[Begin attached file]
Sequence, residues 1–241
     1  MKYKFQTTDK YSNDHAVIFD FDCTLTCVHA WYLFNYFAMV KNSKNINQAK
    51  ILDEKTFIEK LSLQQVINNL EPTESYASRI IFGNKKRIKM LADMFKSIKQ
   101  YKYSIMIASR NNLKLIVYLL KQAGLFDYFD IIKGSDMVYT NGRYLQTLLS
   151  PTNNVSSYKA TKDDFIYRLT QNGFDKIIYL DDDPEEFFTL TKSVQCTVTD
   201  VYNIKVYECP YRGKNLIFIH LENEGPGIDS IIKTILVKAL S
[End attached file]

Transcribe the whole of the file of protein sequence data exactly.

Sequence, residues 1–241
     1  MKYKFQTTDK YSNDHAVIFD FDCTLTCVHA WYLFNYFAMV KNSKNINQAK
    51  ILDEKTFIEK LSLQQVINNL EPTESYASRI IFGNKKRIKM LADMFKSIKQ
   101  YKYSIMIASR NNLKLIVYLL KQAGLFDYFD IIKGSDMVYT NGRYLQTLLS
   151  PTNNVSSYKA TKDDFIYRLT QNGFDKIIYL DDDPEEFFTL TKSVQCTVTD
   201  VYNIKVYECP YRGKNLIFIH LENEGPGIDS IIKTILVKAL S